Sclerotinia rot

Fungi of the genus Sclerotinia attack a wide range of vegetable, fruit and field crops. Two species, S. sclerotiorum and S. minor, cause important diseases in vegetables. Both species have wide host ranges. Sclerotinia sclerotiorum occurs on more than 400 different hosts, including numerous cultivated vegetables. Sclerotinia minor occurs on more than 90 hosts, including peanut, lettuce and potato. Diseases caused by S. sclerotiorum are known by several names, including white mould or nest of bean, drop of lettuce and sclerotinia rot of cabbage, carrot, celery, potato and tomato.


The fungi Sclerotinia sclerotiorum and Sclerotinia minor.


The 2 species of Sclerotinia cause similar symptoms. These include water-soaked rotting of leaves, stems or fruit, with a white, fluffy fungal mycelium covering affected areas. Compact resting bodies or sclerotia of the fungus soon develop on the rotted tissues. The sclerotia are white at first, but later become black and hard. The sclerotia are often found inside the stem (e.g. of tomato plants if you break the stem open).

Sclerotia of S. sclerotiorum are large and elongated (2–20mm long and 3–7mm wide), whereas those of S. minor are smaller and irregular to roughly spherical (0.5–2mm in diameter).

Stem infection by Sclerotinia causes a pale or dark brown lesion, often quickly covered by white cottony patches of fungus. Leaves may show little evidence of attack, but the fungus can rapidly rot the stem, causing collapse of the plant.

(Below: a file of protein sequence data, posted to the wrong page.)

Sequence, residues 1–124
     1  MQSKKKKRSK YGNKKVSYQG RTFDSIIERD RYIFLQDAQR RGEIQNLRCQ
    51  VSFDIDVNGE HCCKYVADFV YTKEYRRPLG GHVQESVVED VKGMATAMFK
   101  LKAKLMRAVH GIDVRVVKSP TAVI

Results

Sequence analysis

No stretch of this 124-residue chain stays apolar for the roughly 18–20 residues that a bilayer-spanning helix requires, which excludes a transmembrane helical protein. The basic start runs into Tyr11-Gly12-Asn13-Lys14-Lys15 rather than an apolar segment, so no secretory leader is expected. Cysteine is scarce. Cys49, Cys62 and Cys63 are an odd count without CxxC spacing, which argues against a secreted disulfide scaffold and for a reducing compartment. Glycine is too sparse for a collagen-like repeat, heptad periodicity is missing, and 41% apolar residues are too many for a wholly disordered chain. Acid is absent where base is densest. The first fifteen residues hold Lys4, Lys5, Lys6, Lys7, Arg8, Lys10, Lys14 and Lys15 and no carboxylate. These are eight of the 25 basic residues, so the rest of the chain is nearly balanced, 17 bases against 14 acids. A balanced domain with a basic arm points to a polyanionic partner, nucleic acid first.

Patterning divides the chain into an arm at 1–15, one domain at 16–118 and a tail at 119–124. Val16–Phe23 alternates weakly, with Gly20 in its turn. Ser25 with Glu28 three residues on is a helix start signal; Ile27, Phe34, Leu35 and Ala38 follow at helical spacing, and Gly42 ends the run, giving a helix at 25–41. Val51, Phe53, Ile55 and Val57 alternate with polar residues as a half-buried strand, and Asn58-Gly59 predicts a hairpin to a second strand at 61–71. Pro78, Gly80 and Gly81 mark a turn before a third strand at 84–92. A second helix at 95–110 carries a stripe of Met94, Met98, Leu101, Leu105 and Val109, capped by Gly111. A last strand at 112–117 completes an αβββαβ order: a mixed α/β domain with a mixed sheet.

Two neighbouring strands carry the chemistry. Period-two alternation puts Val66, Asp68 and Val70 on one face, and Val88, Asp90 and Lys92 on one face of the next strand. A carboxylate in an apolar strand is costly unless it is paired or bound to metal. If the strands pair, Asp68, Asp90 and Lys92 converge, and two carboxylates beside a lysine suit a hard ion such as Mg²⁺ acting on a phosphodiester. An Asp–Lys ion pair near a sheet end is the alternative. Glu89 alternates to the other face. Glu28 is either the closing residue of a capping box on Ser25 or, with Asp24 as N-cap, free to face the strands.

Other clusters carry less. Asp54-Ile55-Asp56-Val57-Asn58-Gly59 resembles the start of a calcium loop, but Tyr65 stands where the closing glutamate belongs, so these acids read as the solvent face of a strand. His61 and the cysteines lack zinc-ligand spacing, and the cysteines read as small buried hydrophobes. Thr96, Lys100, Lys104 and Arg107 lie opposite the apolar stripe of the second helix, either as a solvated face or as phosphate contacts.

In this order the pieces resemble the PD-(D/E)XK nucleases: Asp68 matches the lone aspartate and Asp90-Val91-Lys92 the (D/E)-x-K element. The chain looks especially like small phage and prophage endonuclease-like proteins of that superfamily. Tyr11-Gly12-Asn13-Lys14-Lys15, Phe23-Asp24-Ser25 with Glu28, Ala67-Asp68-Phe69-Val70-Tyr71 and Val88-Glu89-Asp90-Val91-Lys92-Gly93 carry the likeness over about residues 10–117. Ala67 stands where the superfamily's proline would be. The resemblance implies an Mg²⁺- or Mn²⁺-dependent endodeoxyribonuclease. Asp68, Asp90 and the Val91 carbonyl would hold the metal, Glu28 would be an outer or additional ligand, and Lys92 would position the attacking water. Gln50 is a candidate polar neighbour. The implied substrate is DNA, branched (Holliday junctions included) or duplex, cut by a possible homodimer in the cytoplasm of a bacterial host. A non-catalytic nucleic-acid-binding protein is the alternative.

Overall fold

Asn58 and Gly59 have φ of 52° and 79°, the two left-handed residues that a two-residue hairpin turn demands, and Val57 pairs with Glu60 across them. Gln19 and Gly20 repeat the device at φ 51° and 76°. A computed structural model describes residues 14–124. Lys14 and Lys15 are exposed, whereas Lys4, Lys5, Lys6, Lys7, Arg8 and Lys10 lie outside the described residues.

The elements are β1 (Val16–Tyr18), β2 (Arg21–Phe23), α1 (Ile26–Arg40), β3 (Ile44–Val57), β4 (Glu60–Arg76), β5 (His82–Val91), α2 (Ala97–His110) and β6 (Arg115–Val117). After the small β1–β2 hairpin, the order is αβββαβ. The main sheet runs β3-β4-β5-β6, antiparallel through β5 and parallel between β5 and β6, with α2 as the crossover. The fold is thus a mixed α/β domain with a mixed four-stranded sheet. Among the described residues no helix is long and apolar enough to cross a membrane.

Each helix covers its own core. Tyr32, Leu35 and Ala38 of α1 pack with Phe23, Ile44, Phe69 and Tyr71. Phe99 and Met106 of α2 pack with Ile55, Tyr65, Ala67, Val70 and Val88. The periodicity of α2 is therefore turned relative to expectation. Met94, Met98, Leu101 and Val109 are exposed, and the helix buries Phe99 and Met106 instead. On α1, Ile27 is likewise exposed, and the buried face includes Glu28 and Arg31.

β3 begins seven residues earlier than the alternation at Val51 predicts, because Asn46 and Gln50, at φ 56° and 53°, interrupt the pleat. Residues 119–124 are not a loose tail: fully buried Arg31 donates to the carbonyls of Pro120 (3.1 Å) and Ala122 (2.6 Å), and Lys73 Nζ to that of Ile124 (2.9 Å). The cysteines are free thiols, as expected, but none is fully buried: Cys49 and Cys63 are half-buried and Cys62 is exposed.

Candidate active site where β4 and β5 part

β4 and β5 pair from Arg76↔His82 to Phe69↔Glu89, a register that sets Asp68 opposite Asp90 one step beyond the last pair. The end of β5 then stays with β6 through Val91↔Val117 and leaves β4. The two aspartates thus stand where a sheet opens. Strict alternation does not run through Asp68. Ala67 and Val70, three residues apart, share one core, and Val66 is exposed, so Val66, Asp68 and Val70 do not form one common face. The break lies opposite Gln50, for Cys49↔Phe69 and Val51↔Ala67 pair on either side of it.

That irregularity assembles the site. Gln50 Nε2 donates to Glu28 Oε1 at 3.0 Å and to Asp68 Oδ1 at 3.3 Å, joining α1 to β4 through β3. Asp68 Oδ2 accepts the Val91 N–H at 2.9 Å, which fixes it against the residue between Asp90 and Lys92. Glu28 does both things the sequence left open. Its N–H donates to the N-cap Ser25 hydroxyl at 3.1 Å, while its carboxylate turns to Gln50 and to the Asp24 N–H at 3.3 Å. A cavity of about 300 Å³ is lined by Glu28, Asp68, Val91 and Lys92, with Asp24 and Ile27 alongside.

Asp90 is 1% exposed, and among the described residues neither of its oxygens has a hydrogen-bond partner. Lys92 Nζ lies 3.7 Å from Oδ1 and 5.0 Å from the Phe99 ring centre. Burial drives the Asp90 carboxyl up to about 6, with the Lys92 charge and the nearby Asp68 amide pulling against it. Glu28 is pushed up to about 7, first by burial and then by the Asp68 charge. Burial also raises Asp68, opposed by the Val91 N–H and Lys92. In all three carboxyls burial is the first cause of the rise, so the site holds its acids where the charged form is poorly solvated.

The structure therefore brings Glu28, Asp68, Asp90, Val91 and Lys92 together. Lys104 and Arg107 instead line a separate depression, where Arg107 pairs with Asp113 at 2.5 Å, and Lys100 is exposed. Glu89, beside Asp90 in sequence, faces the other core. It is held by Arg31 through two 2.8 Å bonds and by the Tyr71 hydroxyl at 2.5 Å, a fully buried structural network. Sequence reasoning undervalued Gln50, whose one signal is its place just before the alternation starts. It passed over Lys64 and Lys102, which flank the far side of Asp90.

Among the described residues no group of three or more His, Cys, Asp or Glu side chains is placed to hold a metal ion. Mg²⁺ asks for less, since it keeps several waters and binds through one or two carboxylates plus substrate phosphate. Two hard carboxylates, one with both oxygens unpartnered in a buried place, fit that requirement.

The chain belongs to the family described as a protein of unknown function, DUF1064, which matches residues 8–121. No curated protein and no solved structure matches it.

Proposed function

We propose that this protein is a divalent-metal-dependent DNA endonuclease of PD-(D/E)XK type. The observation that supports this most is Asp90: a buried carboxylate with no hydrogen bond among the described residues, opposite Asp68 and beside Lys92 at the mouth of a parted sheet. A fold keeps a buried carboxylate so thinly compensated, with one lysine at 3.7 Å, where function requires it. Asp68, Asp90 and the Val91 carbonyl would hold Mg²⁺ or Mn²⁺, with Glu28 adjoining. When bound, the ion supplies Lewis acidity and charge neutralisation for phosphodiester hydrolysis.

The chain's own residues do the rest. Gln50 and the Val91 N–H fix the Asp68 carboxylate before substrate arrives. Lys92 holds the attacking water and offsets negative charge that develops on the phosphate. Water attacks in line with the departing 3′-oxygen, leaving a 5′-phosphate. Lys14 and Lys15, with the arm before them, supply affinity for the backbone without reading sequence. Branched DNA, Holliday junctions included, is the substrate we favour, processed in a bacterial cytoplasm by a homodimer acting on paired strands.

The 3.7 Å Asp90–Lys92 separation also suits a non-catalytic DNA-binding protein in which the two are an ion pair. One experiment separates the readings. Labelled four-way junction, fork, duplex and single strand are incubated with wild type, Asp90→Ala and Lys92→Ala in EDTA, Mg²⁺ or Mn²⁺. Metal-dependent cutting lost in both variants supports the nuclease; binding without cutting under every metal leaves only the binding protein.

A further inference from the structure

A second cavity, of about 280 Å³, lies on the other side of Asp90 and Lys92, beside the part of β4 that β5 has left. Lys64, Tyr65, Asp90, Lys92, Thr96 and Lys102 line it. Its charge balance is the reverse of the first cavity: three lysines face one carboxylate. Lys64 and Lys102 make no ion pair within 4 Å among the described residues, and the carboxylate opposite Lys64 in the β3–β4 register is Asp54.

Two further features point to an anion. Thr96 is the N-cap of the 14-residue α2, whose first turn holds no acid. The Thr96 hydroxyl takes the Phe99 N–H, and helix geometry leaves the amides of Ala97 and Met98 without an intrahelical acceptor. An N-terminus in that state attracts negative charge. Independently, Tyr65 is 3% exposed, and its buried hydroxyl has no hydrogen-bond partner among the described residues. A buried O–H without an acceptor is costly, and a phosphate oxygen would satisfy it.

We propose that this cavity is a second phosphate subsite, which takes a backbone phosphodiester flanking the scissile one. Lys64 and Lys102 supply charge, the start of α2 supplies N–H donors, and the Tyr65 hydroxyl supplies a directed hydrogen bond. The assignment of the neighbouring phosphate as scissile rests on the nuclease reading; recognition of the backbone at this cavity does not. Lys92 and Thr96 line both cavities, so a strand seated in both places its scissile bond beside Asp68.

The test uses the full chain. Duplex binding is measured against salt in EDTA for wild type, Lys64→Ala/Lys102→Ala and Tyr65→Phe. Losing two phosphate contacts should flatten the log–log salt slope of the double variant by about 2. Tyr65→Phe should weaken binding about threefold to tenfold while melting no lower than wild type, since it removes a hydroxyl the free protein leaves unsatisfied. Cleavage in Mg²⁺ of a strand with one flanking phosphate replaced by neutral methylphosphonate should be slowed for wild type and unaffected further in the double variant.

Leaves and petioles of plants such as celery and lettuce rapidly wilt and die following infection, with total collapse of the plant occurring as the fungus spreads through the stem.

How it spreads

Sclerotinia species have a wide range of hosts among crop, weed and ornamental species. Sclerotia formed in infected plants can survive in the soil for many years.

Sclerotinia sclerotiorum

During moist weather, sclerotia of S. sclerotiorum near the soil surface germinate and produce slender stalks that terminate in small, cup-shaped structures called apothecia. Ascospores produced in the apothecia discharge into the air and are carried by wind.

Ascospores germinate when they land on senescing plant parts such as old blossoms and leaves, which provide a readily available food source. The fungus then multiplies and rapidly infects adjacent healthy tissue. Ascospore germination occurs in free water from dew, rain and fog or sprinkler irrigation.

Sclerotinia minor

A senescing food base is not required for S. minor infection. Instead, sclerotia germinate to produce fungal mycelium that infects plants directly.

Cool, wet weather favours sclerotinia rots. Disease can occur at temperatures ranging between 4–30°C, with temperatures slightly below 20°C being optimal for infection.

Crops affected

A wide range of vegetable, fruit and field crops.


Rotate susceptible crops with resistant ones such as summer and winter cereals, onion and sweetpotato. Plough in diseased crops immediately after harvest.

Apply the recommended fungicides. Correct timing and good penetration of foliage are essential for effective control.

Seek advice for disease management in specific crops.

Chemical registrations and permits

Check the Australian Pesticides and Veterinary Medicines Authority database for chemicals registered or approved under permit to treat this pest on the target crop in your location. Always read the label and observe withholding periods.